Twice in the space of six weeks, the world has suffered major attacks of ransomware—malicious software that locks up photos and other files stored on your computer, then demands money to release them.
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Posted: June 28, 2017, 8:15 pm

Man sentenced for money laundering in massive hacking scheme

A Pakistani man has been sentenced to four years in prison for laundering nearly $20 million as part of an international computer and telephone hacking scheme.
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Posted: June 28, 2017, 8:12 pm

Scientists develop super-strong metal for next tech frontier

The technological future of everything from cars and jet engines to oil rigs, along with the gadgets, appliances and public utilities comprising the internet of things, will depend on microscopic sensors.
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Posted: June 28, 2017, 8:06 pm

Soybean rust study will allow breeders to tailor resistant varieties to local pathogens

Midwestern growers don't worry much about soybean rust, but the fungal disease has been popping up at the end of the growing season nearly every year since 2006. But because the fungus can't survive winter without a host plant, it's not much of a threat to Midwest crops under current conditions.
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Posted: June 28, 2017, 8:01 pm

Study on human skin microbiome finds archaea abundance associated with age

It turns out your skin is crawling with single-celled microorganisms—and they're not just bacteria. A study by the Department of Energy's Lawrence Berkeley National Laboratory (Berkeley Lab) and the Medical University of Graz has found that the skin microbiome also contains archaea, a type of extreme-loving microbe, and that the amount of it varies with age.
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Posted: June 28, 2017, 7:58 pm

3,000-year-old textiles are earliest evidence of chemical dyeing in the Levant

Tel Aviv University archaeologists have revealed that cloth samples found in the Israeli desert present the earliest evidence of plant-based textile dyeing in the region. They were found at a large-scale copper smelting site and a nearby temple in the copper ore district of Timna in Israel's Arava desert and are estimated to date from the 13th-10th centuries BCE.
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Posted: June 28, 2017, 7:57 pm

Mildly obese fare better after major heart attack

People who survive a major heart attack often do better in the years afterward if they're mildly obese, a study by cardiologists shows.
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Posted: June 28, 2017, 6:55 pm

Facial models suggest less may be more for a successful smile

Research using computer-animated 3-D faces suggests that less is more for a successful smile, according to a new study.
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Posted: June 28, 2017, 6:49 pm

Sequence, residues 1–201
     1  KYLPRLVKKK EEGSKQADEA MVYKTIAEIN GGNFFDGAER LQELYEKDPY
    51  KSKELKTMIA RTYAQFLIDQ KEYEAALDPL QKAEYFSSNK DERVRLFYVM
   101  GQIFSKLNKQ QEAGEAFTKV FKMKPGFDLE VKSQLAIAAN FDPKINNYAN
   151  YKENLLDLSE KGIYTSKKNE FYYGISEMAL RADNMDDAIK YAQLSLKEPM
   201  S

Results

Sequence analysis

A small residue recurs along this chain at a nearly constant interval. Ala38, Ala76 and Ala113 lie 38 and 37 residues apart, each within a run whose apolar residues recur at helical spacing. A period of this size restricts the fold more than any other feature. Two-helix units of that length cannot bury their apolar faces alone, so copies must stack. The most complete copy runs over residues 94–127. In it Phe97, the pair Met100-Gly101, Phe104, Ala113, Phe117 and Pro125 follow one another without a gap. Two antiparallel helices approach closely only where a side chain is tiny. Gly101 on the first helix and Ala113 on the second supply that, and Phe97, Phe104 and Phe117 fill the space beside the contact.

Engineers design a robotic gripper for cleaning up space debris

Researchers combined gecko-inspired adhesives and a custom robotic gripper to create a device for grabbing space debris. They tested their gripper in multiple zero gravity settings, including the International Space Station.
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Posted: June 28, 2017, 6:49 pm

In Turkey, carved skulls provide the first evidence of a neolithic 'skull cult'

Three carved skull fragments uncovered at a Neolithic dig site in Turkey feature modifications not seen before among human remains of the time, researchers say. Thus, these modified skull fragments could point to a new 'skull cult' -- or ritual group -- from the Neolithic period. Throughout history, people have valued skulls for different reasons, from ancestor worship to the belief that.
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Posted: June 28, 2017, 6:49 pm

More summer sunshine leading to increased Greenland ice melt

A marked decrease in summer cloud cover during the last 20 years has significantly accelerated melt from the Greenland ice sheet, a team of researchers has concluded.
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Posted: June 28, 2017, 6:49 pm

'Bulges' in volcanoes could be used to predict eruptions

Researchers have developed a new way of measuring the pressure inside volcanoes, and found that it can be a reliable indicator of future eruptions.
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Posted: June 28, 2017, 6:49 pm

Concurrent hot and dry summers more common in future

In the past, climate scientists have tended to underestimate the risk of a co-occurrence of heatwave and drought. This is the conclusion of one of the first studies to examine compound climate extremes.
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Posted: June 28, 2017, 6:49 pm

Bacteria-coated nanofiber electrodes clean pollutants in wastewater

Researchers may have created an innovative, cost-competitive electrode material for cleaning pollutants in wastewater.
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Posted: June 28, 2017, 6:48 pm

CT technology shows how blood flow can predict effectiveness of ovarian cancer treatment

Technology can provide a new window into whether or not patients are responding to treatment for advanced ovarian cancer. A multi-center clinical trial has demonstrated that CT Perfusion, which measures blood flow and blood volume to tumors associated with ovarian cancer, can provide an accurate prediction of how well a treatment is working, allowing physicians the opportunity to better plan treatment.
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Posted: June 28, 2017, 6:48 pm

Combating chronic kidney disease with exercise

A research team is combating chronic kidney disease (CKD) with exercise. The team had patients engage in a specially designed exercise program and found that it improved their blood vessel health and exercise capacity.
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Posted: June 28, 2017, 6:48 pm